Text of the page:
If you feel even the slightest grief when watching those scenes in the Avatar movie, then you know there is something wrong. And those scenes are reflections of what is happening now in our society–in our real world. This is not one person’s fault, we are all part of the current systems, so each of us has to change. It is important to incorporate deep ecology standpoint into our lives. As previously mentioned, deep ecology encompasses broad aspects of life and makes us think not only about environmental health but also achieving social and economic equality and preserving both local communities and the ecosystems that support them. That sounds like a tall order, huh? Not to worry. You don’t need to become an environmental activist, a scientist, or a government official to start implementing deep ecology in your life. There are simpler things you can do.
People’s indifference to nature can be caused by their disconnection from it, especially those who reside in urban areas. Deep ecology is all about interconnectedness and harmony; hence, the first thing we should do is reconnect ourselves to mother nature. When is the last time you have been in the wilderness? Or have you ever even been in the wild at all? If you can’t remember, then it is a good time to try putting down your phone or laptop (after reading this article, of course), step outside of the comfort of your house, walk into nature, and feel it. Feel the texture of the grass, the breeze of the wind, and the surge of the waves. Set a moment to do and think of nothing else but the natural world and establish a bond, just like what the Na’vi do with Eywa.
We have a tendency to care more about things that are familiar or have a personal connection to us. That is why reconnecting to nature is the crucial first step in adopting a deep ecology mindset. The next step is where it gets a bit challenging; it is to change our behaviour to achieve sustainability. Nature has provided enough–even abundant–resources for us and future generations if we utilise them wisely and not be greedy. Think and reflect on your daily habits. Are you already demonstrating a sustainable lifestyle? There are numerous things you can do, including using reusable utensils, conserving energy and water, and taking advantage of public transportation. You don’t need to accomplish them all at once, just take one step at a time. Habits need to be developed gradually over time. It is amazing if you start by using a bamboo straw today! Next time, you can try bringing your own container for takeaways!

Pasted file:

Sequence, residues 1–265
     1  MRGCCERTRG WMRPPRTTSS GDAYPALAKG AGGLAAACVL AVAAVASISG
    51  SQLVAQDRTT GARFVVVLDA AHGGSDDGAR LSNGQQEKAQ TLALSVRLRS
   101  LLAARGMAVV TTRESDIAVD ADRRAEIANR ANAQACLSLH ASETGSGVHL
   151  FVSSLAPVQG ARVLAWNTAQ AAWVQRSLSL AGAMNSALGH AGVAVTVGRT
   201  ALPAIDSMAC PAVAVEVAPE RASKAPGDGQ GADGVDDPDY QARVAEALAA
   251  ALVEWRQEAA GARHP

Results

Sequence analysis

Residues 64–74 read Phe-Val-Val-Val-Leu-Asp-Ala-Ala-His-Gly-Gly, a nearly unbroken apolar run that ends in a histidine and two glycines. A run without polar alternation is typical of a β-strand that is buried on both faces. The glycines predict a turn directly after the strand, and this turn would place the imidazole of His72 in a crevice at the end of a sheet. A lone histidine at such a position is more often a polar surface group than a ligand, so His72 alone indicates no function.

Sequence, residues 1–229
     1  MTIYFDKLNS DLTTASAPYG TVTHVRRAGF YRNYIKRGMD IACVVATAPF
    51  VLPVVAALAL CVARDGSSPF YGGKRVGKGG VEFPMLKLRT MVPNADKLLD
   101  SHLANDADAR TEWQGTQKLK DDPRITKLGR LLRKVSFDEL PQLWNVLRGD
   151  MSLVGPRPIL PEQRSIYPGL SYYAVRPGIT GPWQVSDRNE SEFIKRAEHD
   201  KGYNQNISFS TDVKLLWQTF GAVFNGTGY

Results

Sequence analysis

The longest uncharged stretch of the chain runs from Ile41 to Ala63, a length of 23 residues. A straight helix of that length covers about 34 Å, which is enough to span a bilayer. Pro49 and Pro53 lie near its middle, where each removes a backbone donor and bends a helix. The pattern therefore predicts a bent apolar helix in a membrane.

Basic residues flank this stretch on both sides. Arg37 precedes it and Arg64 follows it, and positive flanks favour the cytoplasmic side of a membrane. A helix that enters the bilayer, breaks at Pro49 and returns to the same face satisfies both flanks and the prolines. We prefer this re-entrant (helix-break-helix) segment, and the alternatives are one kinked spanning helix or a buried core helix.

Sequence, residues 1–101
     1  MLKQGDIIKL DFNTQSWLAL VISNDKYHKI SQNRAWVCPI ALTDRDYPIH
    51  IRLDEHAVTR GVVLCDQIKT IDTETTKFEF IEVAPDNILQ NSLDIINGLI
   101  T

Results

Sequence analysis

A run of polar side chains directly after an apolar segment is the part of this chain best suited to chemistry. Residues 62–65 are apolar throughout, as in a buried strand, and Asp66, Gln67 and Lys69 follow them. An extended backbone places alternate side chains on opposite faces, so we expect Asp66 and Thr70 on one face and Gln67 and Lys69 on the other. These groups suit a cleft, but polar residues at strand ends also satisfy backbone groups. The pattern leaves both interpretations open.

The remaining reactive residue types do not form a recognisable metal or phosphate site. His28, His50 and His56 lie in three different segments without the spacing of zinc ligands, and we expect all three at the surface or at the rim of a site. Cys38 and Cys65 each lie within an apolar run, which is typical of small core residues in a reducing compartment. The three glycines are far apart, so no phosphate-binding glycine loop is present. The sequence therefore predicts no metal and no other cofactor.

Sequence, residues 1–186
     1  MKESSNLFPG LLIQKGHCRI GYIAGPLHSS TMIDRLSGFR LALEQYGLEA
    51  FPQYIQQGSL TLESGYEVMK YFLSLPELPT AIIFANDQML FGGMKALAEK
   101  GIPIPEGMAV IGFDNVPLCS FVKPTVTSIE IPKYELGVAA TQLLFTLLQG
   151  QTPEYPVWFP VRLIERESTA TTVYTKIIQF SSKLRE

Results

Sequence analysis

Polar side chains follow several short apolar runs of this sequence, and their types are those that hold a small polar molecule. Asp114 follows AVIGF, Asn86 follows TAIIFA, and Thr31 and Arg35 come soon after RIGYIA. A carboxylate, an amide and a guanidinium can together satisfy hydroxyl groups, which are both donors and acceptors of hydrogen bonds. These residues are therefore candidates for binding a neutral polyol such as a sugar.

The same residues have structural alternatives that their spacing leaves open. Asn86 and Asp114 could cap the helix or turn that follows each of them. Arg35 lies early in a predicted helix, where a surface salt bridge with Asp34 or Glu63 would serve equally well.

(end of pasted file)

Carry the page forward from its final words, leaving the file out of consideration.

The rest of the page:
At Seven Clean Seas, we all love the ocean and we want to protect it. That is why we are taking actions against plastic threats by diligently doing beach clean-ups and stakeholder engagement to eliminate plastic from the environment and reduce plastic use whenever possible. We yearn for a clean ocean–without plastic–so whenever we go for a dive or snorkel, we can see vibrant coral reefs looming across the seafloor and joyful fishes swimming against the water. That is the connection we seek with nature. How about you?